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How a drug went from $50 to $28,000 a vial

By |December 30, 2012|Health Care|

Source NY Times

The doctor was dumbfounded: a drug that used to cost $50 was now selling for $28,000 for a 5-milliliter vial.

The physician, Dr. Ladislas Lazaro IV, remembered occasionally prescribing this anti-inflammatory, named H.P. Acthar Gel, for gout back in the early 1990s. Then the drug seemed to fade from view. Dr. Lazaro had all but forgotten about it, until a sales representative from a company called Questcor Pharmaceuticals appeared at his office and suggested that he try it for various rheumatologic conditions.

“I’ve never seen anything like this,” Dr. Lazaro, a rheumatologist in Lafayette, La., says of the price increase.

How the price of this drug rose so far, so fast is a story for these troubled times in American health care — a tale of aggressive marketing, questionable medicine and, not least, out-of-control costs. At the center of it is Questcor, which turned the once-obscure Acthar into a hugely profitable wonder drug and itself into one of Wall Street’s highest fliers. (more…)

Community cuts heart attacks by 24 percent with preventive health

By |April 3, 2011|Prevention|

Source Scientific American

The town of New Ulm, Minn., some 90 miles outside of Minneapolis, is small. With a population of about 15,000, the self-proclaimed polka capital of the U.S. might not seem like the most obvious locale to roll out an aggressive, unconventional attack on heart disease.

But for the past couple years, a local health system has been doing just that, using an array of preventive health tactics that include everything from state-of-the-art electronic health records to free water aerobics classes.

Early results suggest that the preventive health program has been working. In the some 10,000 adults in the target zip code (56073), the rate of acute heart attacks fell by 24 percent in 15 months, according to research presented this week at the American College of Cardiology meeting in New Orleans. Fewer than 50 people in the area suffered a heart attack in 2008—before the reduction efforts kicked in—so the stats are slight, but the approach could have implications for larger population bases.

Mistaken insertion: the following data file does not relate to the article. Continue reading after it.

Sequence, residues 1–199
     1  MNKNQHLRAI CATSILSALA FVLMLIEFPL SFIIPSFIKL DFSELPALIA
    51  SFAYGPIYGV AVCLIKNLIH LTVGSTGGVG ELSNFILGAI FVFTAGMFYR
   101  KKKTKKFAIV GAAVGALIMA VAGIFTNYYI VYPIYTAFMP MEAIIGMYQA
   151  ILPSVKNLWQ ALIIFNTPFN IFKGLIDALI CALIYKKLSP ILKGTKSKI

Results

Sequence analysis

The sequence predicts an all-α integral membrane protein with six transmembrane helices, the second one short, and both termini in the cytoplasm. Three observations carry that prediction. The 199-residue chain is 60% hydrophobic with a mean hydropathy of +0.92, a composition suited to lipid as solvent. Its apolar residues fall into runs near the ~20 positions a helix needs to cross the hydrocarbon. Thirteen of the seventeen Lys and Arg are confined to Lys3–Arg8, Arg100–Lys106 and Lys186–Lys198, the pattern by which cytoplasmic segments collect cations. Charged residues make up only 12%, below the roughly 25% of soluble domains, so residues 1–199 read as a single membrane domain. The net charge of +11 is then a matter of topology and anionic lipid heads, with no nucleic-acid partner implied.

The program “encourages a large population to embrace healthy lifestyle changes, such as smoking cessation and improved nutrition that could improve long-term health,” Jackie Boucher, of the Minneapolis Heart Institute Foundation, said in a prepared statement. Area residents can join an organized walking group, take a cooking class or participate in workplace health screening.  (more…)

Document Released by The Center for Health Value Innovation Calls For inclusion of Chiropractic in Patient-Centered Models of Value-Based Design

By |November 6, 2010|News|

Source The Foundation for Chiropractic Progress

The Foundation for Chiropractic Progress is pleased to announce that the Center for Health Value Innovation (CHVI), experts in value-based design who link superior health outcomes to improved business performance, has released a landmark document: Outcomes-Based Contracting™: The Value-Based Approach for Optimal Health with Chiropractic Services. Cyndy Nayer, CEO of CHVI and the voice of value-based design, along with leaders from the Center, point to chiropractic intervention as one area in which new analysis may define the placement in the care continuum.

“The Foundation asked us to consider the insertion of chiropractic into the value-based benefit designs for low back and neck pain based upon a recently published study,” notes Nayer, citing the 2009 study Do Chiropractic Physician Services for Treatment of Low Back and Neck Pain Improve the Value of Health Benefit Plans? conducted by Niteesh Choudhry, M.D., PhD, Harvard Medical School, Brigham and Women’s Hospital and Arnold Milstein, M.D., MPH, which concluded that chiropractic care could be an effective and cost-efficient service for relief of pain and reduction in disability. “Because of the support from the Foundation, we were able to convene a panel of experts to consider the implications and a framework for contracting that was built on outcomes.